I think maybe he was supposed to be the very best crane operator dude at the docks? So... like, in a really specific way he got to be cocky?

    But he was basically terrible at every other aspect of his life, so it still doesn't work, I guess.

  • Sara_Tonin00

    sidebar first: Twain's Innocents Abroad is an amazing piece of "ugly Americans abroad" couple with prejudices of the day and a fascinating travelogue. I def recommend it. I wouldn't have tackled it if a) I had been in a musical based on it and then b) subsequently traveled to the Holy Land, where things have remarkably changed little in so many ways since Twain wrote about it.

    but to the point - the guy I just started dating seems big on things not being spoiled. Not in a crazed way, just if I start telling about a movie or book, he'll say, well, don't ruin the end for me. And if he starts to tell me about something, he'll hold back on the ending unless I push for it. It's interesting. I don't assume everyone will read/see everything, so I rarely bother.

    Now I'll think about the spoilers that matter to me. This is a seriously great diversion on a day when I really shouldn't be diverted at all...

  • katiessh

    I am very bad with tension, so I do the worst things- I often read the end of the book at the beginning, and I'll read tv recaps before I watch the episode.

    I'm actually trying to break myself out of the habit, that's badly I handle tension. And yet I like scary movies.

  • oilybohunk7

    I feel like you just saw into my soul and wrote about it. I am the exact same way.

  • mrsdalgliesh

    It turns out that Dr. Praetorius' devoted companion, Mr. Shunderson, is a convicted murderer who escaped death. He was accused of murdering his friend after a mountain climbing accident -- and went to prison. Once released, he one day encountered the friend who, it turns out, had gone into hiding and allowed Mr. Shunderson to be convicted. Mr. S confronted his friend and in the fight killed him. Though he later protested that he couldn't be convicted of killing a man he'd already been to prison for killing, Mr. Shunderson was again convicted and this time sentenced to hang. He *was* hung, and his corpse was given to Dr. Praetorius, who was at the time a medical student who wanted corpses for practice. But just as Dr. P was about to cut into the corpse, Mr. Shunderson awoke, having survived the hanging. Since he'd been punished for the crime, Dr. P didn't turn him in and Mr. Shunderson became his devoted companion.

    And the college board was so delighted by the twists and turns in this story that they threw out the complaint against Dr. Praetorius and told weasly little Hume Cronyn to go f*** himself. :-) And Dr. Praetorius was able to conduct the concert and Jeanne Crain felt their baby kick!

  • Oh, good, I'm not the only one who has still seen that movie.

  • Ryan Ambrose

    I found myself rewatching Terminator 2 on cable a few weeks ago, and upon revisiting the film for the umpteenth time I was struck by how ominously crafted the first half-hour of that film is.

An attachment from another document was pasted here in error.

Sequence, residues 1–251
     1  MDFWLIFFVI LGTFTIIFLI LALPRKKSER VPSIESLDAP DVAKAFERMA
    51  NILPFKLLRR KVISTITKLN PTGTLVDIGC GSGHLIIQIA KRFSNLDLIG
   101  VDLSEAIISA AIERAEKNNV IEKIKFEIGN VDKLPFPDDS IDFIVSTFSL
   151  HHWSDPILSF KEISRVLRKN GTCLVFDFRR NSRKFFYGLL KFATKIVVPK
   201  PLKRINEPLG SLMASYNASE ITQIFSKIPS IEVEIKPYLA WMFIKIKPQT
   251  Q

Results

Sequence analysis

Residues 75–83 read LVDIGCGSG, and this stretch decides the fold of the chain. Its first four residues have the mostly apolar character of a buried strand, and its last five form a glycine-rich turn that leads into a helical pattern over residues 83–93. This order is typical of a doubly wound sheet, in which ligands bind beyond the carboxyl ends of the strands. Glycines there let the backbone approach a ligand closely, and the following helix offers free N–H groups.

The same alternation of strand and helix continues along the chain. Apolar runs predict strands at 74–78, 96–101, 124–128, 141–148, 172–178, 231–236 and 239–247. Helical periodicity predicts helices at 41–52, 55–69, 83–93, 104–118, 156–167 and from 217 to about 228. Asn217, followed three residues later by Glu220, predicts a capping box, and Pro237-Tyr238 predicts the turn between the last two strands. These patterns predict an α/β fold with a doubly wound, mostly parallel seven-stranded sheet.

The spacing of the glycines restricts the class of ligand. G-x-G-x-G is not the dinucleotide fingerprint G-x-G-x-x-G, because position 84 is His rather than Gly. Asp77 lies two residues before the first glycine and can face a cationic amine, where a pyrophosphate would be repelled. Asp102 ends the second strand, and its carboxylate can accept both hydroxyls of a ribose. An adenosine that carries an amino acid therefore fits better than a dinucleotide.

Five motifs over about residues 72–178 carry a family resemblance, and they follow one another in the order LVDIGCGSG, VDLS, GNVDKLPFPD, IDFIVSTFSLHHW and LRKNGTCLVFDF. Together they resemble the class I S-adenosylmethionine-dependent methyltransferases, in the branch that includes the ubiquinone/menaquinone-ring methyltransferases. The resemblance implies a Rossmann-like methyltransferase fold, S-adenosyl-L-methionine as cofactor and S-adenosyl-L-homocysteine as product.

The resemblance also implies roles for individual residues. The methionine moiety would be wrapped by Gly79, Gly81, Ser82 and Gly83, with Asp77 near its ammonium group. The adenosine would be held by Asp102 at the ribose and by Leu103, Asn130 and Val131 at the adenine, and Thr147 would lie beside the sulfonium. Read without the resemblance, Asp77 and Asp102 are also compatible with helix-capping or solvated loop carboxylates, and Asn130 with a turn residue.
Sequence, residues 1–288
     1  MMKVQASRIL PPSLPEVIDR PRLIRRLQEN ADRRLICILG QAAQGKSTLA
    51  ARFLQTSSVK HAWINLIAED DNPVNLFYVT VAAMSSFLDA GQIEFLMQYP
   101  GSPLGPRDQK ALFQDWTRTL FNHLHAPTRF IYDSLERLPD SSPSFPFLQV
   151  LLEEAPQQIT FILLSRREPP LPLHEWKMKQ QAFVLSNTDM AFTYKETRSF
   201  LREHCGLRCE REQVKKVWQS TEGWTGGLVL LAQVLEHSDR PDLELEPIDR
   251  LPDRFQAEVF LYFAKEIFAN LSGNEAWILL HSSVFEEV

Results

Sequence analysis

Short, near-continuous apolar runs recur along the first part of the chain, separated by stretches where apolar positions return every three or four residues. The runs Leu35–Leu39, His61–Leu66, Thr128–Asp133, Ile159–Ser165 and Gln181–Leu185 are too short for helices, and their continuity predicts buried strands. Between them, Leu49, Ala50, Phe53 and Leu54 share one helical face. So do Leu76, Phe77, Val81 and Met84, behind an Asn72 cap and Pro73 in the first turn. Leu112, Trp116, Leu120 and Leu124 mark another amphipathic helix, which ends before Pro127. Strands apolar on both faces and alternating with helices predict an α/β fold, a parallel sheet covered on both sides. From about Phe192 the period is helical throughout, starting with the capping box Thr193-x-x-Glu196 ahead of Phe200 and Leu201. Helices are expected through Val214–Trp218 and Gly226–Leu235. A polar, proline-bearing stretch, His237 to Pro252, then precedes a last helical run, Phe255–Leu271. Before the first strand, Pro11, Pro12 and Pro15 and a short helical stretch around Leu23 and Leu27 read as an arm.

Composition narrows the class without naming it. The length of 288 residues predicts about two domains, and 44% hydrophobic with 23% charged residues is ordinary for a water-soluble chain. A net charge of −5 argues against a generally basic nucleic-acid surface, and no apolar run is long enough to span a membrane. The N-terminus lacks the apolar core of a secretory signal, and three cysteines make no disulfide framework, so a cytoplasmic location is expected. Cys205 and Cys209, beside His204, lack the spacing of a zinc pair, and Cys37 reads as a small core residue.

My tardy realization came when right up to the moment the T-800 and the T-1000 clash for the first time you notice that the audience is never supposed to be aware that Arnold is John Connor's protector, for all they knew at the time he was simply another variant of the same evil model from the first movie. Both characters' motivations were deliberately obfuscated by off-screen tactics in order to lead the audience astray, only to then proceed to floor them with the big reveal that Arnie was the good guy all along.

    It was a carefully assembled fake-out that was given away by the marketing department to get as many asses in the theater as possible, after all, it was the first all-CGI character ever portrayed in a live-action film in cinematic history and you bet they were going to use that as a selling point. And even though it didn't hamper my enjoyment of the film, it still robbed me of experiencing that sudden catharsis for myself. I understand that the article isn't advocating we start yelling "SOYLENT GREEN IS PEOPLE" on the streets and that some films have essentially become so ingrained in the public's consciousness it's almost impossible to avoid knowing that Darth Vader is Luke's father or that Tyler Durden is not real, but I still hope we can give audiences the chance to go in blind and be surprised, as it was initially intended.

    After all, "if I could have one wish it would be to watch my favorite movie again for the first time".

    Great piece, Steven.

  • UglyBattery

    In "The Departed" everyone except Mark Walberg dies and it is INFURIATING!!! Leo is slaughtered by Matt Damon and his death is so unimportant, it happens in a flash, no pomp and circumstance, no dramatic slow motion-- just BOOM his brains are everywhere. It's rather upsetting. Matt Damon's death is more satisfying though, as he is gunned down by Marky Mark in full anti-CSI regalia. That movie is a great one.

  • Ro

    For me, it is because Leo's death is so unsatisfying and Damon's death so over the top that I think it's brilliant. The film refuses to let you have the ending you want.

  • Counsel

    I agree it is incredibly unsatisfying; but, I love it. The movie, for me, works so well by constantly contrasting the two main characters. Their respective deaths wrap up that theme effectively.

    The viewer gets to see the hero of the movie die unceremoniously. With Damon, we get to anticipate his death right along with his own acceptance of it. Throughout the movie, Damon reaps the rewards of his title while truly being a thug. Leo only gets the rewards and title of a mob soldier all the while being a true cop.

    Damon even hints at feeling bad for this in the movie. He is definitely first and foremost concerned with himself and survival, but he seems to have some self-awareness of his own evilness/corruptness. It could be more self-survival, but I like to think he arranging a cop-funeral for Leo is him trying to make amends for his actions. And, just like the fate of the rest of departed characters, he is reminded by Marky Mark that you can't get away from from who you are.